Ronn Pitts: Gone But Never Forgotten
Ronn Pitts, who passed away on Sunday, September 22, 2013, personified what Columbia College and our department are all about. He was a man of uncommon humor, courage, and compassion, a fine cinematographer, and an excellent teacher.
Pitts first taught cinematography workshops to students when all of Columbia College was housed in a single building at 540 Lake Shore Drive more than forty years ago. He challenged and broke color barriers throughout his life, including the segregated Chicago television and filmmaking industries. Pitts rubbed shoulders with Muhammad Ali AND Andy Warhol, and was alongside people like Huey Newton as they authored important parts of our history. When iconic filmmakers Haskell Wexler and Andy Davis came to the department, Ronn was the person they most wanted to see.
We mourn Ronn Pitts' passing but celebrate his extraordinary life and work: He really is the spiritual father of several generations of Columbia College film students.
Bruce Sheridan, Filmmaker
Professor & Chair Cinema Art + Science
Columbia College Chicago
The department will screen Four Days in Chicago on October 16 at 12:30 pm, Film Row Cinema, 1104 S. Wabash, 8th Floor. A celebration of Ronn Pitts' life will be held on October 17, 2013.
May of 2012, CA+S alums teamed up with current faculty, staff and
two-time Academy Award winning Cinematographer Haskell Wexler on his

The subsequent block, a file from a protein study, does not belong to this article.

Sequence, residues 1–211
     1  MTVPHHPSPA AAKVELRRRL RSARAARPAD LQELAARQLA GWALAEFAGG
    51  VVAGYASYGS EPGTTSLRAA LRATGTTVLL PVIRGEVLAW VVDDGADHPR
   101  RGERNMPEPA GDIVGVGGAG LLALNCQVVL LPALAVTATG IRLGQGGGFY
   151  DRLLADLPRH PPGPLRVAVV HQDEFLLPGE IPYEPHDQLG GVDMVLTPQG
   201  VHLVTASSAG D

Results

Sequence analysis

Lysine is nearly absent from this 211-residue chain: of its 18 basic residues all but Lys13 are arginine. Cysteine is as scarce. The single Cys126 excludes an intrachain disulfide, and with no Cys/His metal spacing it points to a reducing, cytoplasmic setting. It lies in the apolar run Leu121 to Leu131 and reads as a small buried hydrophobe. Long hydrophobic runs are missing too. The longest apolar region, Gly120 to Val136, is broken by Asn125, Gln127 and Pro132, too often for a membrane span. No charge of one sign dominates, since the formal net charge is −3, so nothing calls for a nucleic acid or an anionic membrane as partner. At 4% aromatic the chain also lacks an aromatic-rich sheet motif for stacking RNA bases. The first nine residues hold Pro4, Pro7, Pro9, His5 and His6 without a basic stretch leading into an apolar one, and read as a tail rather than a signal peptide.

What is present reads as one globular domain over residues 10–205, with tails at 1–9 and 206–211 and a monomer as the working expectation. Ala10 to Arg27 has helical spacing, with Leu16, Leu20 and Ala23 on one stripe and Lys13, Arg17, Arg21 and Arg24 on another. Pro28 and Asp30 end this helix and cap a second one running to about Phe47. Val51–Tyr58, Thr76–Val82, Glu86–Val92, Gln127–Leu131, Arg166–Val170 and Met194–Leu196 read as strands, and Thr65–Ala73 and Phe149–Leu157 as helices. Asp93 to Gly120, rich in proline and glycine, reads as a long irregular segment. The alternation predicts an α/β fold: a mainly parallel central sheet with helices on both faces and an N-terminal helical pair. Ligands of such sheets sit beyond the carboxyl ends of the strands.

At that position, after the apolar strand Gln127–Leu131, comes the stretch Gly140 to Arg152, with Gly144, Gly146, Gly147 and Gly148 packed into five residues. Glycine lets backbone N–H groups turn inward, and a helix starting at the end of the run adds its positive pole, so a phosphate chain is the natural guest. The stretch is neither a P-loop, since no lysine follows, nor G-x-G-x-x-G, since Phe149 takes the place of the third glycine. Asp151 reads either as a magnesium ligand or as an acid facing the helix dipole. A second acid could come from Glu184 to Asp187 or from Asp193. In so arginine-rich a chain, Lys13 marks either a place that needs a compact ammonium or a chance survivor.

recent documentary, Four Days in Chicago. The feature
chronicles Wexler's return to his hometown of Chicago to document the
demonstrations against the 2012 NATO Summit. The project was a reunion
for many of the filmmakers who had filmed in Grant Park during the
volatile 1968 Democratic Convention, including Mike Gray, Ronn Pitts, Andy Davis, and Peter Kuttner.
Wexler, who had worked with Suree Towfighnia (MFA '06) in 2004 on his documentary Who Needs Sleep,
contacted her last spring to help coordinate the group of disparate
filmmakers and interested helpers who worked to make the project
possible. "Spending the days in the streets with Haskell Wexler shooting
was a dream come true", says Towfighnia. "Medium Cool, American Revolution, The Murder of Fred Hampton...these
films are models of the amazing power documentary has in presenting
people's movements in times of oppression. I was humbled to be able to
shoot next to these legends in cinematography and film."
Alongside Towfighnia was adjunct faculty and staff member Larry Kapson
(BA '99), who took stills of the events happening around town.
Legendary cinematographer, filmmaker, faculty and staff member Ronn
Pitts was there to document, lend insights that are present in the final
film, and to provide perspective as to how the NATO protests compared
to what was happening in the 60's in Chicago. Stephen Combs
(MFA '05) shot for the film and worked as assistant editor coordinating
the over 70 hours of footage that was gathered during the week of
shooting. Most of the film was shot in and around Columbia College
during the week in May when most of the South Loop was deserted and
buildings boarded up their windows in anticipation of what the media was
dubbing 'the violent protests.' Wexler's film shows an alternate story
other than what mainstream media presented that week.
View the trailer.